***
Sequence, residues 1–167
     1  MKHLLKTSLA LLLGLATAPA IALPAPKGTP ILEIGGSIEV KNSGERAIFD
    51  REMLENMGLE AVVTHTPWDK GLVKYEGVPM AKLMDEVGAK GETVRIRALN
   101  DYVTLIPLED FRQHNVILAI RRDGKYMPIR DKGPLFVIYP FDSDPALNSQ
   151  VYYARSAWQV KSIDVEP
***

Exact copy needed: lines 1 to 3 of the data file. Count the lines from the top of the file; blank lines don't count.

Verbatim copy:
Sequence, residues 1–167
     1  MKHLLKTSLA LLLGLATAPA IALPAPKGTP ILEIGGSIEV KNSGERAIFD
    51  REMLENMGLE AVVTHTPWDK GLVKYEGVPM AKLMDEVGAK GETVRIRALN